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An Evidence-based Approach to Contraception in Women with Medical Disease Jody Steinauer, MD, MAS University of CA, San Francisco.

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Presentation on theme: "An Evidence-based Approach to Contraception in Women with Medical Disease Jody Steinauer, MD, MAS University of CA, San Francisco."— Presentation transcript:

1 An Evidence-based Approach to Contraception in Women with Medical Disease Jody Steinauer, MD, MAS University of CA, San Francisco

2 Objectives At the end of this talk you will be able to: At the end of this talk you will be able to: Easily access evidence-based recommendations for contraception in women with medical illness Understand the underlying evidence for these recommendations Balance the risks of contraception against the risks of pregnancy in these women

3 Outline Review WHO guidelines for contraception Review WHO guidelines for contraception Review evidence for specific medical situations and specific methods Review evidence for specific medical situations and specific methods Migraines Diabetes, HTN, CAD risk factors Postpartum Drug interactions Review contraindications by method Review contraindications by method Combined hormonal, progestin, IUC

4 Janet is a 24 yo woman with migraines who comes to you for an annual examination. She desires the patch for birth control. Can she use it?

5 Reviewing Evidence for Contraception Medical Eligibility Criteria for Contraceptive Use Medical Eligibility Criteria for Contraceptive Use full text on line or $23!! Managing Contraception Managing Contraception Includes the WHO guidelines! Also includes the CDC STI guidelines and other important information.

6 WHO Eligibility Criteria for Use of a Contraceptive Method 1 No restriction 1 No restriction Use the method 2 Advantages of method outweigh the risks 2 Advantages of method outweigh the risks Generally use the method 3 Risks outweigh the advantages 3 Risks outweigh the advantages Use only if no other method available 4 Unacceptable health risk if method used 4 Unacceptable health risk if method used Do not use the method Medical Eligibility Criteria for Contraceptive Use (www.who.int/reproductive-health)

7 Migraine Epidemiology 18% of U.S. women had one or more migraines per year 1 18% of U.S. women had one or more migraines per year 1 Three times more common in women Three times more common in women Dutch women (population-based study 2 ) Dutch women (population-based study 2 ) 33% ever had migraines 25% in the last year 18% of year olds ever had migraines 64% Migraine; 18% with Aura; 13% both 64% Migraine; 18% with Aura; 13% both 1. Stewart et al. Prevalence of migraine headaches in the US. JAMA 1992;267: Launer et al. The prevalence and characteristics of migraine in a population-based cohort, The GEM study. Neurology 1999;53:537-42

8 Stroke The absolute risk of stroke in young women is low at <1 per 10,000 women-years. The absolute risk of stroke in young women is low at <1 per 10,000 women-years. Risk factors: Risk factors: Smoking Age > 35, Obesity, FH of stroke <45 HTN, CVD, diabetes, hyperlipidemia Migraine with and without aura The International Headache Society Task Force on Combined Oral Contraceptives and HRT. Recommendations on the risk of ischemic stroke associated with use of combined oral contraceptives and HRT in women with migraine. Cephalalgia 2000;20:155-56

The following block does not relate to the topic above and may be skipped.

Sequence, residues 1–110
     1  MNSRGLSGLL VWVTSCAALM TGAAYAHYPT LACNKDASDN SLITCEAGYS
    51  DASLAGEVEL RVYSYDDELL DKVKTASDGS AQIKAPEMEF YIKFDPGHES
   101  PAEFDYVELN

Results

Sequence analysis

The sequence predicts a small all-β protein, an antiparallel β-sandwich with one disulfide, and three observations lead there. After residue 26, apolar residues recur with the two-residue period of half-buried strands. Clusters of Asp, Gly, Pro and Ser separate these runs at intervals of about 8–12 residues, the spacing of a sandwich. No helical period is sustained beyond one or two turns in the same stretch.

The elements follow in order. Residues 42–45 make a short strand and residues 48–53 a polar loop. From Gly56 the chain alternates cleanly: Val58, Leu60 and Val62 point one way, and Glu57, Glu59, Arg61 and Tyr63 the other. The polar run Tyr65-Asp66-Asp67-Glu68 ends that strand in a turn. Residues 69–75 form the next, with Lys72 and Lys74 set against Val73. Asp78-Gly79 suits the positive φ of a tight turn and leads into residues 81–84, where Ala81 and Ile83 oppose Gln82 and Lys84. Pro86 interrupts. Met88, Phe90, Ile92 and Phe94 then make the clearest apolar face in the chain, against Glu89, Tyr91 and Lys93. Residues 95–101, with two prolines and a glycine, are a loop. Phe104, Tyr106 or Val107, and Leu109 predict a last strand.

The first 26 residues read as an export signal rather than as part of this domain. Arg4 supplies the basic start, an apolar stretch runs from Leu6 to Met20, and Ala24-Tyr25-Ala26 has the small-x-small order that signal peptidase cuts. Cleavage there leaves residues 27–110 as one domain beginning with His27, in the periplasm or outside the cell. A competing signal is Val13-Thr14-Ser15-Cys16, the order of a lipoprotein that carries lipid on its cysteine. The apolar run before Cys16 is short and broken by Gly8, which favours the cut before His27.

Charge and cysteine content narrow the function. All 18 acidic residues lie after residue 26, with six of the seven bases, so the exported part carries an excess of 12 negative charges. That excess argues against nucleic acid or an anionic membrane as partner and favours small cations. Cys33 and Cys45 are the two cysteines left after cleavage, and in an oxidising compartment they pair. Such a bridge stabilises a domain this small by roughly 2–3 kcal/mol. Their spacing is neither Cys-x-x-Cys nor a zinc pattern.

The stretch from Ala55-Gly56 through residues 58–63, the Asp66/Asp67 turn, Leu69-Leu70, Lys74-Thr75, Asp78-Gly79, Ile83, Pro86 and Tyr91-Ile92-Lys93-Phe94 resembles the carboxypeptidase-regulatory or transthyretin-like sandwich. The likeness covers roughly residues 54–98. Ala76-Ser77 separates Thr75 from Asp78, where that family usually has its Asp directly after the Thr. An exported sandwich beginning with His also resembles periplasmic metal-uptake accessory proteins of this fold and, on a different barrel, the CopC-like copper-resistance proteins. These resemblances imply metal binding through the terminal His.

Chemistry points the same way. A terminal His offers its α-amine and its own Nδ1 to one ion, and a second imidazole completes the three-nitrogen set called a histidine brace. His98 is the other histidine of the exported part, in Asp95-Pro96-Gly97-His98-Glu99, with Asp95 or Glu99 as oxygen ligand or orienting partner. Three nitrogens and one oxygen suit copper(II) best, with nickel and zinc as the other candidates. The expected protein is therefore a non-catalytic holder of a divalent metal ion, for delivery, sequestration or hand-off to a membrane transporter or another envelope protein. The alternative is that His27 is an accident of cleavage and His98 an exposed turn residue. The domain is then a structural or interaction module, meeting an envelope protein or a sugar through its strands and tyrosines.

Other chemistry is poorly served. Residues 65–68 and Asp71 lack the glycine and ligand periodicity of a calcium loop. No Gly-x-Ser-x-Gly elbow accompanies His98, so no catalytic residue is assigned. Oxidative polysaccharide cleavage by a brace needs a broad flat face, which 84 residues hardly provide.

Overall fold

9 Migraine, OCPs, and Stroke Migraine and stroke: Migraine 1 (general): RR 2.2 – RR Migraine without aura: RR – RR Migraine with aura: RR – RR COC and stroke: RR Etminan et al. BMJ, 2005; 330(7482): Tzourio et al. BMJ, 1995; 310: Gillum et al. JAMA, 2000, 284:72-8.

10 Migraine, OCPs, and Stroke Synergistic effect Migraine and COC: OR 1.9 (95% CI ) 1 OR 8.7 (95% CI ) 2 OR 13.9 (95% CI ) 3 1. Gillum et al. JAMA, 2000, 284: Etminan et al. BMJ, January 8, 2005; 330(7482): Tzourio C et al. BMJ, 1995, 310:830-3.

11 Attributable Risk from CHC Absolute risks of stroke in young women: Absolute risks of stroke in young women: 6 per 100,000 / year – healthy 12 per 100,000 / year – migraine 18 per 100,000 / year – migraine with aura 12 per 100,000 / year – healthy and COC 19 per 100,000 / year – migraine and COC 30 per 100,000 / year – migraine with aura and COC 34 per 100,000 / year – stroke in pregnancy Attributable risk: 7-12 per 100,000 women per year Attributable risk: 7-12 per 100,000 women per year (Much higher in women who smoke too: OR 34!) (Much higher in women who smoke too: OR 34!)

12 WHO: Headaches and CHC Initiate Continue Initiate Continue Non migranous (mild or severe)1 2 Migraine (i) without focal neurologic symptoms Age < Age > Age > (ii) with focal neurologic symptoms4 4 (at any age) (at any age) Prodrome = photo/phonophobia, N/V Focal symptoms = vision changes, numbness, parasthesias

13 AURA Focal neurological symptoms that occur just before or at the onset of the headache Not the same as premonitory or resolution symptoms: (hypo- or hyperactivity, depression, food cravings, yawning, fatigue, difficulty concentrating) Reversible symptoms that develop gradually over 5-20 minutes and last up to 60 minutes Most common - visual

14 Hormonal Contraception for Women with Migraines Considerations for CHCs Considerations for CHCs Lower & consistent estrogen levels with ring Consider 20 or 25 mcg pills Consider eliminating the placebo week in women who have migraines triggered by withdrawal of estrogen Regular follow-up in 1-3 months after initial Rx Stress need to discontinue method if HAs worsen Any Progestin-Only Method Any Progestin-Only Method